MARINE CORPS BASE CAMP LEJEUNE, N.C. --
One speaks with a deep southern drawl while the other has a modified British accent, clad in camouflage utility patterns that are vastly different in scheme and design. Weapons, tactics, even rank structure is different, yet when standing side-by-side, these two warriors possess similar ideals – to protect and serve their respective countries in matters both foreign and domestic.
Elements from the Bermuda Regiment, the home defense unit of the British Overseas Territory of Bermuda, spent approximately two weeks aboard Marine Corps Base Camp Lejeune to cross-train and observe in a multitude of operational skills throughout the base during Exercise Bermuda Warrior, April 30 through May 13.
The 180 Bermuda Regiment soldiers split into two companies, Alpha and Support, sharpening skills and learning new training techniques to bring back to their home base.
“For the past 30 years or so we’ve been training with Camp Lejeune every other year,” said Capt. Ben Beasley, adjutant for the regiment. “We are lacking in certain training facilities on Bermuda, so we come here to complete our full annual training regimen.”
The 20.6-square-mile island, smaller than Manhattan, lacks the necessary space to house such training areas as known-distance rifle ranges and unfamiliar territory to navigate. Also, the facilities that are on the island are limited in many aspects for strictly civilian operations, such as their one hospital, making it unavailable for the regiment medics to train in.
“On our side of their visit, 13 members of the regiment who fill medical billets are observing various clinical operations here at the hospital,” said Cmdr. Marnie Buchanan, department head of the Staff Education and Training Department of Naval Hospital Camp Lejeune. “For two days they observed operations in such departments as the operating rooms and labor and delivery – things they may not have had the chance to do in their hospital.”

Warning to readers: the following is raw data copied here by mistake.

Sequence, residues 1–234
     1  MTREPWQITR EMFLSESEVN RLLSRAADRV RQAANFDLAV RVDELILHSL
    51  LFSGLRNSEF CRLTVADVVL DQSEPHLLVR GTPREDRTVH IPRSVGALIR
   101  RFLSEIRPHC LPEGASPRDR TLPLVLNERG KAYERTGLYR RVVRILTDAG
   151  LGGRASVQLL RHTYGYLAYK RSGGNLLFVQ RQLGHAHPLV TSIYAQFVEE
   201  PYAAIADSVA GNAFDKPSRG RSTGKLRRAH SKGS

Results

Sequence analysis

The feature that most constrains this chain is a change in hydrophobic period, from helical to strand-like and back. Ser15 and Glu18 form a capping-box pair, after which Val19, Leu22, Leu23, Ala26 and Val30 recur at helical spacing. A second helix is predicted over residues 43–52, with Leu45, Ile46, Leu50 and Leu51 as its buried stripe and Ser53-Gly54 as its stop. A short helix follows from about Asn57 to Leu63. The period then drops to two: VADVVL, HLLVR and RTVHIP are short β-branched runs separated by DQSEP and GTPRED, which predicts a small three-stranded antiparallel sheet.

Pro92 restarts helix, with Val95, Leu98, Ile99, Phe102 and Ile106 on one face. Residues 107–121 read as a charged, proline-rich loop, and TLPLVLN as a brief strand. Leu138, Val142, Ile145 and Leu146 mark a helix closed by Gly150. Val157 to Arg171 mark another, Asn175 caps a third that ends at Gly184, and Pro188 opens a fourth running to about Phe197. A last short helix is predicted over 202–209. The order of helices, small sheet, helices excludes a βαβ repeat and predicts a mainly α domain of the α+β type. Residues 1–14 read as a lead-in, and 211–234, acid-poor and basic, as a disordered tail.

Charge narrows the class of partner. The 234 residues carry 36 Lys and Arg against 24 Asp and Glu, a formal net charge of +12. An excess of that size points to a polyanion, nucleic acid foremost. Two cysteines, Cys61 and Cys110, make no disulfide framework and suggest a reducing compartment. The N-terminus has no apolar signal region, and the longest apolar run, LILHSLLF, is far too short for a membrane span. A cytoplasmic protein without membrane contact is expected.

The Bermuda Regiment is a battalion-sized force that acts as a support augment for the Bermudian police, mirroring the United States’ reservist side of the National Guard. With more than 600 total soldiers, various units constantly train abroad to make up for whatever lack of training facilities there may be in garrison.
“Training such as the type conducted on this trip continually broaden the soldiers’ military experience and makes the units tighter,” said Maj. Philip Birch, staff officer with the regiment. “While the regiment’s main focus is internal security – disaster relief and intervening in any civil unrest situations – we also serve as an expeditionary force, so the field training we receive here is among the most important exercises we do.”
The soldiers of Company A spent the two weeks conducting training operations in military operations on urban terrain, rappelling and firing the ARWEN 37, a multi-shot riot control weapon. The soldiers of Support Company conducted similar training for the first week, then broke off with their Camp Lejeune counterparts for job-specific tutelage, such as the medics going to NHCL and the Field Medical Training Battalion, regiment Provosts observing base Provost Marshal’s Office operations and regiment boatsmen being attached to the Joint Maritime Training Center at Courthouse Bay.
“The training we’ve observed here is something we couldn’t have learned back home,” said Lance Cpl. Colby Pimental, a parade and field medic with the regiment, training at the FMTB and NHCL. “It greatly increases our capabilities when we learn more medical procedures that we can bring home and adapt to our current practices.”
As the two-week cross-training wound down, soldiers of the regiment and Camp Lejeune Marines shared new ideas and operating procedures to better themselves with and pass on to others. The purpose of the exercise was not to just learn new techniques for internal and expeditionary security, but to also strengthen the bond between these two militaries that reaches out across 1,000 miles of ocean and unites these warriors in a common cause – that of brotherhood and strength to forge foreign friendships.
“The soldiers have been more than happy to work with the Marines, and this year more than ever it has been evident that they have been working hard and getting a lot out of the training,” said Maj. Julian Wheddon, training officer for the regiment. “The facilities on Camp Lejeune have been exceptional and the Marines were welcoming and happy to work with us. It’s been a great two weeks with our American brothers.”